The Orphan Drug Act of 1983 defined a rare disease as one that affects less than 200,000 people. According to the NIH National Center for Advancing Translational Sciences, there are now 7,000 such diseases afflicting between 25-30 million people in the U. S. and an estimated 350 million worldwide.
Finding therapies for rare diseases not only helps those affected, but according to studies from the NIH Undiagnosed Diseases Program, new discoveries made from studying these diseases can also provide insights into more common conditions.
At Alexion, we are interested in understanding the rare disease landscape. Piecing together information on rare diseases can be difficult—there are often numerous names for the same disease and many disease subtypes. We pull together diverse data on rare diseases, including new onset information, incidence and prevalence, census and population data, as well as unstructured data from medical literature. We include phenotype data to try to assess the severity of disease and map every clinical trial, related molecules, the genes and underlying mutations. The result is a data graph that can answer questions on the genetic architecture of various rare diseases, their manifestation in specific populations, and paths to intervention.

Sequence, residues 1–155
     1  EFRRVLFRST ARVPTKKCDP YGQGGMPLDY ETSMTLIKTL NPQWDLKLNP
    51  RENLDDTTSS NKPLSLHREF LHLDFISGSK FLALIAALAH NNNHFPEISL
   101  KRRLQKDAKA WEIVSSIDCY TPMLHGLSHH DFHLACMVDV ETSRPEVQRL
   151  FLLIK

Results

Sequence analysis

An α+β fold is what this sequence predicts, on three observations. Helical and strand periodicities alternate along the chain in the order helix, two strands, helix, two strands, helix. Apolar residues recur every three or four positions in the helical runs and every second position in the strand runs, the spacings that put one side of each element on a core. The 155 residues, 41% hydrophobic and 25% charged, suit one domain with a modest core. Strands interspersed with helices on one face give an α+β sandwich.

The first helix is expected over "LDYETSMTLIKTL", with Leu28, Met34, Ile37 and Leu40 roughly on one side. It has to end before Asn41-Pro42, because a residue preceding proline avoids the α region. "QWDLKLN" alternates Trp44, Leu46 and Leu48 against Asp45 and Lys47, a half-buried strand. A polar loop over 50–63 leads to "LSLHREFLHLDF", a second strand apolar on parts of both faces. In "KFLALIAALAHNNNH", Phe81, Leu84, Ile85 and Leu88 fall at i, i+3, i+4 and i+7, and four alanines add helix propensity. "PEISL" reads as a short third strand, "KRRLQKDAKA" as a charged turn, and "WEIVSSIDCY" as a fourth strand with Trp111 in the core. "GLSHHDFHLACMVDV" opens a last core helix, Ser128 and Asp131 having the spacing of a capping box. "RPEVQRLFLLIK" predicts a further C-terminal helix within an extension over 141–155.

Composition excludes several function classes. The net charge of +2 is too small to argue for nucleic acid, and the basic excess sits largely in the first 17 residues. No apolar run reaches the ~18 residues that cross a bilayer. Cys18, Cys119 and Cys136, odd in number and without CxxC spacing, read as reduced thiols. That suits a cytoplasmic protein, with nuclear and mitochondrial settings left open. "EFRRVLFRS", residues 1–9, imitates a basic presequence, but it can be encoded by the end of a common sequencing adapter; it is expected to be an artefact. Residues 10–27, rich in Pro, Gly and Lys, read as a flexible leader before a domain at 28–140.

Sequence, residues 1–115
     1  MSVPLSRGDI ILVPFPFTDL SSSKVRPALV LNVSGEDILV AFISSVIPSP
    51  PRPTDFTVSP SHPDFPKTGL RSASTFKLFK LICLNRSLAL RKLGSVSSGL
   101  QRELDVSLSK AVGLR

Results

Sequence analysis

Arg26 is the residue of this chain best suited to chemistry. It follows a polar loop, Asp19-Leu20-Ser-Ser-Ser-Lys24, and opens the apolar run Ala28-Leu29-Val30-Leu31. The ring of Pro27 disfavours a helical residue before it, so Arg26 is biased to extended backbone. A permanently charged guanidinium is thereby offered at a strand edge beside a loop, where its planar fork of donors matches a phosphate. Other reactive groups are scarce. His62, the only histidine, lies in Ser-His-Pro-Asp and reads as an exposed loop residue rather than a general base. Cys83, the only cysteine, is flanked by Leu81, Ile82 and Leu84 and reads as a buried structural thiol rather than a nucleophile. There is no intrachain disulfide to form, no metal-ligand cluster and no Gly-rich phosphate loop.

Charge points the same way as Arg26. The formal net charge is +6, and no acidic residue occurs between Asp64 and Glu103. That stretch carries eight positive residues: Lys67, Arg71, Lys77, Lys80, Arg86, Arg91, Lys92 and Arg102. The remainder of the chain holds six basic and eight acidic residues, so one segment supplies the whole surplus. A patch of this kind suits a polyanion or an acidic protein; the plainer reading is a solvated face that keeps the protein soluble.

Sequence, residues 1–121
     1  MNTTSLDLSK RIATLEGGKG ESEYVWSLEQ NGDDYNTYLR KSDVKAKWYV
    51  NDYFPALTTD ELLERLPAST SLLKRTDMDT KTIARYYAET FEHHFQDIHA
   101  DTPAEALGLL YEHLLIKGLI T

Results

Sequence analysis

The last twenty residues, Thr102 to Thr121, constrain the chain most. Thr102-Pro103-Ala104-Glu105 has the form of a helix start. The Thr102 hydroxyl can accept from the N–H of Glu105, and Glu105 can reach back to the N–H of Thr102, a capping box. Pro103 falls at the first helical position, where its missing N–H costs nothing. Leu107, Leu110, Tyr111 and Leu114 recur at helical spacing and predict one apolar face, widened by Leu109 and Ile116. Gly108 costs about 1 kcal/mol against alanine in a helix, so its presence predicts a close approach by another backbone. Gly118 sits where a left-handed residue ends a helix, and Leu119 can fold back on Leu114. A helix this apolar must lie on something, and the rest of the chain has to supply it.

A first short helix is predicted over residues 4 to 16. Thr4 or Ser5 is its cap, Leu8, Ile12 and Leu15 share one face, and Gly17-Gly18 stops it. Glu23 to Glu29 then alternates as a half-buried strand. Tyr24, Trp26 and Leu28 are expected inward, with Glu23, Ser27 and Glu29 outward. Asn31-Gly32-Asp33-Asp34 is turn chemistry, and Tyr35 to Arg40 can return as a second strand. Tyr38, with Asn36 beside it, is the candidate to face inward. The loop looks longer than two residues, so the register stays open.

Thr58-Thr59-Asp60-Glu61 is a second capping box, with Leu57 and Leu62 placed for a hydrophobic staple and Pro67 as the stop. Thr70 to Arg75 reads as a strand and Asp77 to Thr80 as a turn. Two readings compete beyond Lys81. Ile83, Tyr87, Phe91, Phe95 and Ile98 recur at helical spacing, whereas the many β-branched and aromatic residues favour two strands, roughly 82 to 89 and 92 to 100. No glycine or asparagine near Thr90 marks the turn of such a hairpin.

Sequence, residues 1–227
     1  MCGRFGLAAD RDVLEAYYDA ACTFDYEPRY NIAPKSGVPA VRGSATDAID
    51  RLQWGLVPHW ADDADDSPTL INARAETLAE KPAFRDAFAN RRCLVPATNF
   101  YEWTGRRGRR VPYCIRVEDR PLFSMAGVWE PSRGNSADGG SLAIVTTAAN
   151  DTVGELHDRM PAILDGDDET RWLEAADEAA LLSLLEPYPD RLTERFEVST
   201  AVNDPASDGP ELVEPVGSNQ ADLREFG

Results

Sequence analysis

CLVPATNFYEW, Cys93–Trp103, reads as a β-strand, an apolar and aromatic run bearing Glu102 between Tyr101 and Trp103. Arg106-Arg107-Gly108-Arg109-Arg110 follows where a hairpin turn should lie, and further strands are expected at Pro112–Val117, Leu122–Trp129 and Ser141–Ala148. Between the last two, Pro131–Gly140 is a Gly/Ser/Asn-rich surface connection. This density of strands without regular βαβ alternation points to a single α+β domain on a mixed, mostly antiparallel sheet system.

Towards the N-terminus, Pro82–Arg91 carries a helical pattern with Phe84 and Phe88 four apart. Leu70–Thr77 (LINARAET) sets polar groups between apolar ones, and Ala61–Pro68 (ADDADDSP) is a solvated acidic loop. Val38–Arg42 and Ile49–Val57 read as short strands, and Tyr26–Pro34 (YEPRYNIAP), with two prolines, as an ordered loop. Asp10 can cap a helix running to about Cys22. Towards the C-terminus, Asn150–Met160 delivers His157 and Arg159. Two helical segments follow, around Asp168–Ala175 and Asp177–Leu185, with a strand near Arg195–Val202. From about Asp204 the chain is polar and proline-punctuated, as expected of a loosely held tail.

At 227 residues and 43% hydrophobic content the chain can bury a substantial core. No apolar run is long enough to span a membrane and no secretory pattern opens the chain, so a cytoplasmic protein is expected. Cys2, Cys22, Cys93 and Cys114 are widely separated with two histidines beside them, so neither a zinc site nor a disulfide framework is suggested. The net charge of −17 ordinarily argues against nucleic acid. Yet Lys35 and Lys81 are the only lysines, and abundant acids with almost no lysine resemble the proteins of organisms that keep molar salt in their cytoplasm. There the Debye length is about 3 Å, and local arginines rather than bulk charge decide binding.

Another emerging area we are leveraging is experimental data. Panomic, gene expressions, metabolic, proteomic, and specific disease tissue assays or iPSC samples that are derived from patients are all relatively new. Mining this type of data provides a great opportunity for artificial intelligence in general and specifically machine learning, but we need to be thoughtful in our approach.